Quarantine Prepping Comes to the Farmers’ Market, Measuredly

Quarantine Prepping Comes to the Farmers’ Market, Measuredly

SANTA MONICA, Calif. — Kong Thao considered the chaos of the coronavirus as a farmer. “We’re treating it like a winter,” he said.

This meant that he expected his fruit and vegetable sales to be slower, at least for a while. For people to go out less, and to spend less money. And it wasn’t just the virus messing with the rhythms of the city’s markets, many of which were already closed for public safety. It was the freakishly persistent rain. Why would anyone be out and about today, unless they absolutely had to?

Compared to local supermarkets and warehouse clubs, cleared out by shoppers with carts full of quarantine supplies, the downtown Santa Monica Farmers Market seemed eerily calm on Saturday. But as Mr. Thao emerged from the back of his truck with a clipboard, flip flops slapping against the wet pavement, business was slowly picking up.

Chefs were there for long stems of flowering radish and yu choy with yellow blooms, all grown on Mr. Thao’s family farm.

The spicy flowers would be used as garnish, probably not on carefully tweezered plates with plenty of white space, but in packaged to-go boxes, sealed in paper bags and brought to diners’ front doors — many restaurants that stayed open this weekend were focused on delivery and takeout.


Credit…Rozette Rago for The New York Times

Credit…Rozette Rago for The New York Times

A couple buying strawberries at Harry’s Berries counted wads of cash for a pallet, then squirted sanitizer into each other’s palms, rubbing their hands frantically as they walked away. A woman in a blue face mask carried a bunch of pale pink sweet-pea blossoms, very close to her chest, protecting them from the rain.

But many shoppers seemed to ignore the new signs placed by the city, encouraging them to to exercise social distancing of at least six feet. They stood side by side over the produce, hugged each other in greeting, passed a phone around to share cute photos of a new baby.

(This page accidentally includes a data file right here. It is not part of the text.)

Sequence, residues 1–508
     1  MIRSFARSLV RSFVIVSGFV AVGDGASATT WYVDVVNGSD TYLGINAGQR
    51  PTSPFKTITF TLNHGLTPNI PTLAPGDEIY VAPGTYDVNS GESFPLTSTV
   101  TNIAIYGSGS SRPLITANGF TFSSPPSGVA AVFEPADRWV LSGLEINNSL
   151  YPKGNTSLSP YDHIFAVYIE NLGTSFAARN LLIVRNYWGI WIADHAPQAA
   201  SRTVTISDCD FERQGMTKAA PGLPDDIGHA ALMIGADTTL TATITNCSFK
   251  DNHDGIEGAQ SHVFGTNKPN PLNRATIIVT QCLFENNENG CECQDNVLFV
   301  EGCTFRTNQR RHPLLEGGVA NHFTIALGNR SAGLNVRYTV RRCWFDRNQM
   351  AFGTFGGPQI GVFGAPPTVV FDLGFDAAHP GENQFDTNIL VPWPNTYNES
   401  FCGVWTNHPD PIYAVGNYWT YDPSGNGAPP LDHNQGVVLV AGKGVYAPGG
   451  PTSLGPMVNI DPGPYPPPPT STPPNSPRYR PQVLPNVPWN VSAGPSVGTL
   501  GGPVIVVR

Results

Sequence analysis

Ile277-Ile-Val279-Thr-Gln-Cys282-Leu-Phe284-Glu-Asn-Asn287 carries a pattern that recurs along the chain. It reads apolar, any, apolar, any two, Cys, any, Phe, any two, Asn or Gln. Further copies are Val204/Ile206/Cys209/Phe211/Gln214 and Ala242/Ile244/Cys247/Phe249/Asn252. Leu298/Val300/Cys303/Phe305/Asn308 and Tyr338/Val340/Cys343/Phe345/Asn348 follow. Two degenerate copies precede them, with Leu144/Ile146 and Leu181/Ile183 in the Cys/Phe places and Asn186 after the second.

Vendors were more cautious. Most wore gloves to handle the fruits and vegetables, or assigned a single employee to touch cash, credit cards and nothing else. A hand-washing station with hot water was set up at the end of the stalls, along with some auto-dispensing hand sanitizer.

At the Maggie’s Farm stand, Mike McMahon sold all of the greens prepackaged in plastic, so that no one had to touch the food at all.

Some shoppers arrived early because their local supermarkets had been cleaned out of the basics. Home cooks stocked up on dried beans — pintos, chickpeas, limas and black-eyed peas — at $9 for a two-pound bag.

Meredith Klein, a private chef, was relieved to find so many cardboard flats of eggs.

“It’s been so upsetting to see all these bare shelves,” she said. “Yesterday, it was like the apocalypse.”

The market had less foot traffic than usual, but before noon, it was clear that shoppers were quarantine prepping, and buying more. There was no more salmon. And the vendors at Peads and Barnett were almost out of pork. Gustavo Jimenez rummaged through his coolers for lamb. At 11 a.m., he only had two shoulder chops left, and he wondered why people were stocking up.

“Production is not slowing down,” he said, pacing in a cream-colored cowboy hat and a thick, puffy jacket. “At the farm, things are running like normal.” The idea of shoppers anxiously hoarding food unsettled him.

“People are thinking so far ahead of themselves,” Mr. Jimenez said. “But if they buy too much now, it might go to waste.”

Christine Pagtalunan, the market’s coordinator, couldn’t say for sure if it would return four days from now, as it usually does. For a few seniors on California’s Supplemental Nutrition Assistance Program, who paid with EBT cards, the market was their most reliable source for fresh food.

“We’ll post updates on Instagram,” Ms. Pagtalunan told the worried shoppers who stopped by her booth to ask, “Will the market still be around next week? What about the week after?”

In the meantime, a few new rules would remain in place: No more prepared foods, and no more sampling. If you wanted to know what a Kishu mandarin, or a Mara des Bois strawberry tasted like, you either had to imagine it, or buy it.

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